Where did it all go wrong?

In analysing its initial response to the controversy, it is important to first acknowledge the context. 2020 was a bruising year for the FAI. The association was (and is) still emerging from the toxic legacy of the Delaney era and was seeking to plot a new way forward, one built on a foundation of sound corporate governance, transparency, and professionalism. By extension, this meant working toward a more positive relationship with Irish media and ending its litigious behaviours of old.

However, on this occasion, the FAI, in its attempt to respond to a potentially embarrassing story, misjudged its initial response, and in doing so, succeeded only in further exacerbating the issue and undermining the position of Kenny and his coaching staff. Obviously, Kenny’s “non-story” dismissal of the controversy wasn’t particularly constructive, either: telling media “walk on, nothing to see here” rarely has the desired effect.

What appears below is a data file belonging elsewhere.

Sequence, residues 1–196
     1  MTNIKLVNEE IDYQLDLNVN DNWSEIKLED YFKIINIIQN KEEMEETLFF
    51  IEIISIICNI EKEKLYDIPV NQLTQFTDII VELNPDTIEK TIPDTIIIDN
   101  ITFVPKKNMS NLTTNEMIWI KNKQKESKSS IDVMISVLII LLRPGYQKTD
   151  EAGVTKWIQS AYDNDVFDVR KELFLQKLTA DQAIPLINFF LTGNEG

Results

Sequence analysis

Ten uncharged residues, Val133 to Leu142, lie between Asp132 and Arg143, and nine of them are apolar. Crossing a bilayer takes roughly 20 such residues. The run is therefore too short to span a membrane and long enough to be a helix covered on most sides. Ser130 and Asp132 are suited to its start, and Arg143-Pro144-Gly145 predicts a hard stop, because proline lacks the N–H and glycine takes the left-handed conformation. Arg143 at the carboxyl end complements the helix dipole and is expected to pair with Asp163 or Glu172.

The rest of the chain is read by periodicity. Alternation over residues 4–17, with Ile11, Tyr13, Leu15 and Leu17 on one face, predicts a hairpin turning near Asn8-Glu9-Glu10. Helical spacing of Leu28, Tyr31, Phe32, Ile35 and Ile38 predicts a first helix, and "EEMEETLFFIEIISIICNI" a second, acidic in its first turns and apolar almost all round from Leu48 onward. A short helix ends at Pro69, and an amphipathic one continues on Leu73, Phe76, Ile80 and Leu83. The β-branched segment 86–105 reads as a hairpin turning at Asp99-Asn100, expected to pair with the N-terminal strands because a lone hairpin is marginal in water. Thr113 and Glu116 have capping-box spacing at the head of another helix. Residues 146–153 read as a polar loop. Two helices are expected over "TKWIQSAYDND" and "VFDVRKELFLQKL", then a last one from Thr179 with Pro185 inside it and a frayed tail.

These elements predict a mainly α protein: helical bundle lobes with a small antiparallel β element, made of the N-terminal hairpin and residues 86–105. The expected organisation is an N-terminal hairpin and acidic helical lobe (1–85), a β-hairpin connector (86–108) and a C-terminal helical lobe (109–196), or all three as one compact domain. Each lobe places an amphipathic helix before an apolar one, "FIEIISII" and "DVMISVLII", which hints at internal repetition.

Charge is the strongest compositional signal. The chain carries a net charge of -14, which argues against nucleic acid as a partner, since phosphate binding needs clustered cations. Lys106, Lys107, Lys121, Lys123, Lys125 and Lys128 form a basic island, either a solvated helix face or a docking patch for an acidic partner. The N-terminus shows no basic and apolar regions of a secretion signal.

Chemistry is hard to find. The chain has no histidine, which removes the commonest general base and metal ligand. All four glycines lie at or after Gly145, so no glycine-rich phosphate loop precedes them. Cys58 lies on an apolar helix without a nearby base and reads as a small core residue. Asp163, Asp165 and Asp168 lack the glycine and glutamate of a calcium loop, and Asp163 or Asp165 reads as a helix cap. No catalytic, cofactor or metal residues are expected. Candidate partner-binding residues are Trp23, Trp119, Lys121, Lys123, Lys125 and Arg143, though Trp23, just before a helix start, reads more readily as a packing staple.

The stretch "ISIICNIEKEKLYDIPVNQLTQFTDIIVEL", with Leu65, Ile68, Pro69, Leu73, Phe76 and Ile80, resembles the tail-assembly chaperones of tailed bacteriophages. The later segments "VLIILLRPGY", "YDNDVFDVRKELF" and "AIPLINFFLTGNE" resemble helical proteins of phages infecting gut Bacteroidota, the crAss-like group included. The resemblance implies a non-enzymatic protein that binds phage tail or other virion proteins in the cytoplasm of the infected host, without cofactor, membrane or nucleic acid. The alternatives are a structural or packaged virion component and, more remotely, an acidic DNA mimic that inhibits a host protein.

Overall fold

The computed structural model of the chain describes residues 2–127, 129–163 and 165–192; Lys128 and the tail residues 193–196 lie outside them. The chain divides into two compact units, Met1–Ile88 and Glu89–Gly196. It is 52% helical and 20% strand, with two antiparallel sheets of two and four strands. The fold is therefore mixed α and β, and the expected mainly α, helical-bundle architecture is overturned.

In any potential crisis, speed, sincerity, and ownership of the facts are all key ingredients. However, another important element is ensuring the tone of the response is proportionate and measured.

If the FAI had reviewed the video and was satisfied that there was nothing offensive in its content, come out and say as much and reiterate your support for the management team.

Yes, there will still be grumblings from certain quarters of media and social media, but overall, the world will move on. Instead, by speaking to the urgent nature of the situation, the FAI lost sight of its internal audiences. In doing so, it implied guilt, created doubt, and ostracised many of its key people.